Anyone for a space-ride?

Burt Rutan hopes to launch a rocket to much greater heights than commercial aircraft currently fly, travelling to the edge of space. Affordable space travel will be available within 10 years, according to an aviation pioneer who has been granted the first licence to launch a manned suborbital rocket. Eventually, his team hopes to go into orbit.

It is part of a worldwide competition, called the X Prize, which will give £5.5 million to the first group to put a three-seater craft 62.5 miles above the Earth twice within two weeks.

After learning from the Federal Aviation Administration that he had won the suborbital licence, Mr Rutan said: "I strongly feel that, if we are successful, our programme will mark the beginning of a renaissance for manned space flight."

"This might even be similar to that wonderful time period between 1908 and 1912 when the world went from a total of 10 airplane pilots to hundreds of airplane types and thousands of pilots in 39 countries."

He added: "We need affordable space travel to inspire our youth."

Mr Rutan, who heads the firm, Scaled Composites of Mojave, California, believes affordable space travel could be available within 10 years, inform

According to BBC the US Federal Aviation Authority (FAA) has granted a licence to Scaled Composites for a sub-orbital launch of their SpaceShipOne rocket-plane. To claim the prize SpaceShipOne will have to reach an altitude of 100 km, the "official" boundary of space.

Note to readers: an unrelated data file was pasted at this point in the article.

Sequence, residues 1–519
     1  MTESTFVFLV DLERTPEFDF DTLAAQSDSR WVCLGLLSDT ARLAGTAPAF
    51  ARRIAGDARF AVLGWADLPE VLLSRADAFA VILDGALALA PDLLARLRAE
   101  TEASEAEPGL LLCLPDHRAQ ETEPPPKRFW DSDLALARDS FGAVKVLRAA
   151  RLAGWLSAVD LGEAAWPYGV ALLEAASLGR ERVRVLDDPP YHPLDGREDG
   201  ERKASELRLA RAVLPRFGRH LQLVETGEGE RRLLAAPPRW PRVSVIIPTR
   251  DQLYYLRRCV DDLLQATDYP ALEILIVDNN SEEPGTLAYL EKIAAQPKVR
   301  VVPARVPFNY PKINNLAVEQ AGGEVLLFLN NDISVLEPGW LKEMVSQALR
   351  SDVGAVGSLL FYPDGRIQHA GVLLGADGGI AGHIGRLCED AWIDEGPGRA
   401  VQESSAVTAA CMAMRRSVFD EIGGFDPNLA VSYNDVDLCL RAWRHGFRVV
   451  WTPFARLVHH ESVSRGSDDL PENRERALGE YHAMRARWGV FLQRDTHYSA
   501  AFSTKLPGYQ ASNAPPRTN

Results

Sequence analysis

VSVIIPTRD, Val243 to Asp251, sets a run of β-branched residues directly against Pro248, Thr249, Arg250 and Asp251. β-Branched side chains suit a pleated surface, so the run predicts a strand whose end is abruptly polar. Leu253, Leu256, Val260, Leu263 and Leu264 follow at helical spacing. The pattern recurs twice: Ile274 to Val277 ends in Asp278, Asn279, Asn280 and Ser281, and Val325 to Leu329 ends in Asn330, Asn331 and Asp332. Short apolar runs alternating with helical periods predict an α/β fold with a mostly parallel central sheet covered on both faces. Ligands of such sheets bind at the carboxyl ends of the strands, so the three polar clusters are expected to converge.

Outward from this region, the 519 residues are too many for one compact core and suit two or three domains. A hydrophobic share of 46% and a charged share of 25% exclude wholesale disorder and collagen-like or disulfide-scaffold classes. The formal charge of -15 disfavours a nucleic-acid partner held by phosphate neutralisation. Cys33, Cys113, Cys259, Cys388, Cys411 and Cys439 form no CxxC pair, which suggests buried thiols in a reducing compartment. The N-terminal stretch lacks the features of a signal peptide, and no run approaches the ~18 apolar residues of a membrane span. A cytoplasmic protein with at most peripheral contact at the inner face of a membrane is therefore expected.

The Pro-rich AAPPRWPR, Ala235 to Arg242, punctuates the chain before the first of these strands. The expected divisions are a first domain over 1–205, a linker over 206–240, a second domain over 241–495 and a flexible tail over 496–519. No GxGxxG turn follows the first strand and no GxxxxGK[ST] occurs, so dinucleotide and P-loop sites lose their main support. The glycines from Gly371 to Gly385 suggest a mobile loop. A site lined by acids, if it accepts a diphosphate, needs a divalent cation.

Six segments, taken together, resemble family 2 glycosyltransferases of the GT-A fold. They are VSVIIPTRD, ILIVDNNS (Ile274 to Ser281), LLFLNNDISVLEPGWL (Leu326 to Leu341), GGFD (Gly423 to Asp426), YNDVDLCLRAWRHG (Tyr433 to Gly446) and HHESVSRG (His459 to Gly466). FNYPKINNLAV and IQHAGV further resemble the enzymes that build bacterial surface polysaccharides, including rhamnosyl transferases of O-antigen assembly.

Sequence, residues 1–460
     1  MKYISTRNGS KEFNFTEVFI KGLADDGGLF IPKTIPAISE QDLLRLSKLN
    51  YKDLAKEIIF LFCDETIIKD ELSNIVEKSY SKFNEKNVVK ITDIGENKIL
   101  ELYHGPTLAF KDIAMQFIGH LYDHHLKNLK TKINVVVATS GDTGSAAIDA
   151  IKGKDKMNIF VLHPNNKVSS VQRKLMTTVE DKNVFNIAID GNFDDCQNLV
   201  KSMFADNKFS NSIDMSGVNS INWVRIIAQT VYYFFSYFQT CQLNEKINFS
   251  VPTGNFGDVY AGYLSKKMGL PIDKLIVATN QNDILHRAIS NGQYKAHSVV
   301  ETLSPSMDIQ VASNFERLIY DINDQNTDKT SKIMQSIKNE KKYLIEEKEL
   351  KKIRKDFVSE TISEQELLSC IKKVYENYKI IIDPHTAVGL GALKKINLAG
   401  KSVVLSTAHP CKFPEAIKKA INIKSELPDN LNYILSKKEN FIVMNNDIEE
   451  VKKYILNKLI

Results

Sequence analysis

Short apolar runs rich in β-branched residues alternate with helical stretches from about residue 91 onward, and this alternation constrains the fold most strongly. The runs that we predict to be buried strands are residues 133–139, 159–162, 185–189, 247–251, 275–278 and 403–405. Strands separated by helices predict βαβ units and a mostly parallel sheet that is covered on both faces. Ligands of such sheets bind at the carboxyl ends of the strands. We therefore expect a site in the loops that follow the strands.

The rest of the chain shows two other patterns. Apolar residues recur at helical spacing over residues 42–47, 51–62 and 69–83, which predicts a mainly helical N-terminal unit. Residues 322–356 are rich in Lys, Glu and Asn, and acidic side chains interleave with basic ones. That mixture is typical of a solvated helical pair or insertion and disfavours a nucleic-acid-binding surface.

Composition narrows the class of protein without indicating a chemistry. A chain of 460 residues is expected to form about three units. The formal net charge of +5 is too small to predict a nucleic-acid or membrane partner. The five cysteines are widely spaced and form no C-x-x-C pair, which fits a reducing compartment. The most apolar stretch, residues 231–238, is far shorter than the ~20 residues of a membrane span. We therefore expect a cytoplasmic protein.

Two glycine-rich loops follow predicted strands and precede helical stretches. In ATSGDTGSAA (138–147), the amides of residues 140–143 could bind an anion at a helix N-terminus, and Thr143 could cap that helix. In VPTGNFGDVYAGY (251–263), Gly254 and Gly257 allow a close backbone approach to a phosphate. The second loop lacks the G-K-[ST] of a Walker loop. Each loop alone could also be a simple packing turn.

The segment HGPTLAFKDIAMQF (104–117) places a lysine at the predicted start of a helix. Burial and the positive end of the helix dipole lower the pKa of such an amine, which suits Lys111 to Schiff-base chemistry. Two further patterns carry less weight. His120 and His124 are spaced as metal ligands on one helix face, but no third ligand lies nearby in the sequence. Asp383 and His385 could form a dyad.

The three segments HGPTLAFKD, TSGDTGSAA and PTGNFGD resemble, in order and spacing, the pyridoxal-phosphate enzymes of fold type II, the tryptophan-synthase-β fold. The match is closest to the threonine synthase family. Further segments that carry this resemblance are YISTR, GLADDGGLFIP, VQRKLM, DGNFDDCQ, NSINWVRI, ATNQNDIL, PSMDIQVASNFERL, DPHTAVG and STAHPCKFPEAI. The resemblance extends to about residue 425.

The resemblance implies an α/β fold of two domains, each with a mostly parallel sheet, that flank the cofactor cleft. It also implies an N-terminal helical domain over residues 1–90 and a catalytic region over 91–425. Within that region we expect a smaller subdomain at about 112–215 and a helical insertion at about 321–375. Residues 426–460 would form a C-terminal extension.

The FAA has given approval to Scaled Composites allowing it to expand its flight testing of SpaceShipOne - a privately-financed rocket plane to carry passengers into space.

Scaled Composites chief is Burt Rutan who was behind the design of Voyager - the first aircraft to fly non-stop around the world without refuelling.

SpaceShipOne and its carrier mothership, White Knight, were first shown to the public on 18 April 2003. Since then it has undergone extensive tests and during one powered flight it broke the sound barrier.

The rocket ship and its carrier were unveiled one year ago, and have undergone extensive glide tests and one powered flight. The first powered flight of Space Ship One took place on December 17, the one hundred year anniversary of the Wright brother's historic flight at Kitty Hawk. During the test flight, a hybrid rocket motor was used for 15 seconds, with longer burn times required to propel the craft to the X prize-subscribed altitude. The last glide flight of the craft included a thermal protection system-indicating that new powered flights may be coming soon, report

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